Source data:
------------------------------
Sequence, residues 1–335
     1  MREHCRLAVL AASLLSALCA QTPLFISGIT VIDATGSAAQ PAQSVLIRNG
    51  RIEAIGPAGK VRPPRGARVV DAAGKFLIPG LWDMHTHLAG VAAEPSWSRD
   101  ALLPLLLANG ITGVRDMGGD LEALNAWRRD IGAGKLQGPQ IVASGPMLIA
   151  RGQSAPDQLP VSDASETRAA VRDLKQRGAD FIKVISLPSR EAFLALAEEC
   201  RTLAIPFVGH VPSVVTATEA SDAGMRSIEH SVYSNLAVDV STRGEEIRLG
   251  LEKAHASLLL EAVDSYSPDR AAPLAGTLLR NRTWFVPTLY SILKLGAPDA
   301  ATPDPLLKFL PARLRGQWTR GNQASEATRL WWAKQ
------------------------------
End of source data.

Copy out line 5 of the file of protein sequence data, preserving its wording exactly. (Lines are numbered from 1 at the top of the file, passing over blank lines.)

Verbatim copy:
   151  RGQSAPDQLP VSDASETRAA VRDLKQRGAD FIKVISLPSR EAFLALAEEC